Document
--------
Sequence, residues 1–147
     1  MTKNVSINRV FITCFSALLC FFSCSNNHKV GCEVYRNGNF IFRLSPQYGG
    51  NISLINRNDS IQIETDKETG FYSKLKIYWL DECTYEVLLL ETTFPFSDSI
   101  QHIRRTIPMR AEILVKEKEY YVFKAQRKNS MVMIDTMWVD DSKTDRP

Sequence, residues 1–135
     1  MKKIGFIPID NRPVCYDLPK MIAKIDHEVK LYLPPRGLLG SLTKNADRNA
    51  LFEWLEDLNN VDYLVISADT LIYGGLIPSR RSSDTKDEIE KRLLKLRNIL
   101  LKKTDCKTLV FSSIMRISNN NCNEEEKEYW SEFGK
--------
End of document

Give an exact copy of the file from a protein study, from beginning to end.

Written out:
Sequence, residues 1–147
     1  MTKNVSINRV FITCFSALLC FFSCSNNHKV GCEVYRNGNF IFRLSPQYGG
    51  NISLINRNDS IQIETDKETG FYSKLKIYWL DECTYEVLLL ETTFPFSDSI
   101  QHIRRTIPMR AEILVKEKEY YVFKAQRKNS MVMIDTMWVD DSKTDRP

Sequence, residues 1–135
     1  MKKIGFIPID NRPVCYDLPK MIAKIDHEVK LYLPPRGLLG SLTKNADRNA
    51  LFEWLEDLNN VDYLVISADT LIYGGLIPSR RSSDTKDEIE KRLLKLRNIL
   101  LKKTDCKTLV FSSIMRISNN NCNEEEKEYW SEFGK